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News & Views

Musings about EV’s, Blue Rhinos and an elusive retail goldmine.

Updated: Mar 18

A few years ago, we helped a disenchanted Air Force veteran with a strategic blue-state

evacuation, by liquidating his Illinois truck stop. On the day of closing, he was about as

happy as the birth of his first child, knowing that he and his crew were moving to an oft

dreamed-about red-state nirvana.


His Tesla charging area, with its eight to ten idle charging stations, helped verify my

notions on EV’s long term prospects, given its current approach. I’ll not belabor all the

limitations, from charging infrastructure to motorist demand, or the incessant regulatory

pressure fueled by the illogical green movement intent on forcing this down our throats.

The result is a race to pepper the country with charging stations, in anticipation of a

wave of EV use that may never materialize. I’m sure that the early adopter retailers

know that they are making the investment more for image than any realistic profit

expectation.


Don’t get me wrong, I don’t hate the notion of EV’s, just the way we, as a country, have

been embracing them. Yet there currently exists a much better approach that could be

extremely lucrative for petroleum retailers, if we were to throw out much of what has

already been done and refocus the effort.


I really wish that what I’m about to share involved the Japanese, because I like them

better than the Chinese. But the Chinese were the ones to come up with this EV

technology, so I’m compelled to endorse something positive and unique that they have

going. Besides their commitment to dumping fentanyl and military-aged young men into

our country through Mexico, recent news reports indicate that they are also intent on

flooding the country with EV’s. Now these aren’t your run of the mill government-foisted

boondoggle EV’s with no meaningful profit potential for petroleum retailers. They have

the potential of being a very lucrative money making proposition for our retail industry.

Two Chinese EV car brands, Nio and Geely, have developed vehicles that enable their

spent batteries to be swapped out for fully charged ones in three to five minutes. Think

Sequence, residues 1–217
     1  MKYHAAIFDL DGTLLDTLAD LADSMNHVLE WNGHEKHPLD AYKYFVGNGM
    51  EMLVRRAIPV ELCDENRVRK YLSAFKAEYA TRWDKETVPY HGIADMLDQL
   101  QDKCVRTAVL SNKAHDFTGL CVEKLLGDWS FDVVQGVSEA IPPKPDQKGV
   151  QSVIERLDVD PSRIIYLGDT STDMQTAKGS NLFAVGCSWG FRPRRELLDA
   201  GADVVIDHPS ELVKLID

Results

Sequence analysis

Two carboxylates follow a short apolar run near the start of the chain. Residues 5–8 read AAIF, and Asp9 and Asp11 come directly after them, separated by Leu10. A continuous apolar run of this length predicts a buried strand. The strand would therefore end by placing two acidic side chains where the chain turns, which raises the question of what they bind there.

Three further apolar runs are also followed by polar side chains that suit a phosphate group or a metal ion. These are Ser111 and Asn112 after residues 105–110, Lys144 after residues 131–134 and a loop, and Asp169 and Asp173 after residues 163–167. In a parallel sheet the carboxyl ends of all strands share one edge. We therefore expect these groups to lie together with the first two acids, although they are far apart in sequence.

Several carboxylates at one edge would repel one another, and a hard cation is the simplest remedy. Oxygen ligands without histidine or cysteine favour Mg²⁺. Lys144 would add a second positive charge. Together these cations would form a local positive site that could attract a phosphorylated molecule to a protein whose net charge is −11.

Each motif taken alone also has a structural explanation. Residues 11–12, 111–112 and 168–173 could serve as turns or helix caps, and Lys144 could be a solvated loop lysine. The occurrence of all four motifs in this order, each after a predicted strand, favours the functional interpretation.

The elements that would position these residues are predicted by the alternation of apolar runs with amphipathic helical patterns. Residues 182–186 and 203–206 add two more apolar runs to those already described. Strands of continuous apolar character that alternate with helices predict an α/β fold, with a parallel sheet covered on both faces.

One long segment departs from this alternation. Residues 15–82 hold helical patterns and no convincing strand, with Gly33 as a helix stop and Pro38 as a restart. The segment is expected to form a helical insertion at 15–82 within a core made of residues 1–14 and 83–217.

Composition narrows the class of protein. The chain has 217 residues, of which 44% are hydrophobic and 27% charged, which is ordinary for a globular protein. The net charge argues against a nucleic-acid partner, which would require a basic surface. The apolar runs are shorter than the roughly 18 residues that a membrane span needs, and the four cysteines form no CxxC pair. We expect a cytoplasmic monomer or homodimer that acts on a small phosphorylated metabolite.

about the business applications for cars that can be recharged in the same amount of

time it takes to fill up a gas tank. Motorists will no longer have to kill time waiting

somewhere in the middle of nowhere while their car charges, in the hopes that they can

get to their ultimate destination while they are still young. Even better, there is no need

for government incentivized charging stations or the unprofitable investments it takes to

join the EV charging bandwagon.





If the concept of “swap-out’ batteries is universally embraced, the retail profit potential

would be enormous. Imagine the Blue Rhino propane tank exchange concept and

apply it to EV batteries, but with a much higher profit potential. With the time-to-

recharge hurtle largely overcome, EV’s would become much more desirable and

prevalent, making universal retailer adoption of a swap-out program a no-brainer.


Depending upon size and sophistication, participating retailers would have two distinct

revenue opportunities: offering drop-off/swap-out batteries like a propane exchange

program or on-site charging where the retailer manages a greater degree of the

process, swapping-out batteries as part of a battery franchise network.

The crazy thing is that this is not some futuristic pie-in -the-sky concept. The swap-out

battery technology currently exists. Despite its infinite logic, its potential may

unfortunately be unattainable, as the technology resides with the wrong country; the

current impetus of building charging stations may be unstoppable, given the high sunk

costs; and the auto manufacturers vested interest in this approach may be too far gone

to compel anyone to alter this expensive and misguided course. Quite a testament to

why government should never be involved with economic influence.


Despite all these limitations, the swap-out EV approach should be explored further

given the many positive aspects, including the potential for high retail participation and

profit benefits. Maybe a licensing agreement or JV with the Chinese car companies to

explore all the possible angles for a redirection of the current approach. A

comprehensive battery swap-out initiative is probably the only way to compel enough

motorists to embrace EV’s to maintain the relevance of the industry into the future.

 

Mark Radosevich is a 43 year petro-veteran and recognized industry advocate. He is president of PetroActive Real Estate Services, LLC, offering confidential mergers & acquisition representation and financing services exclusively to petroleum wholesalers. He can be reached by email at mark@petroactive.net and by phone at 423-442-1327.


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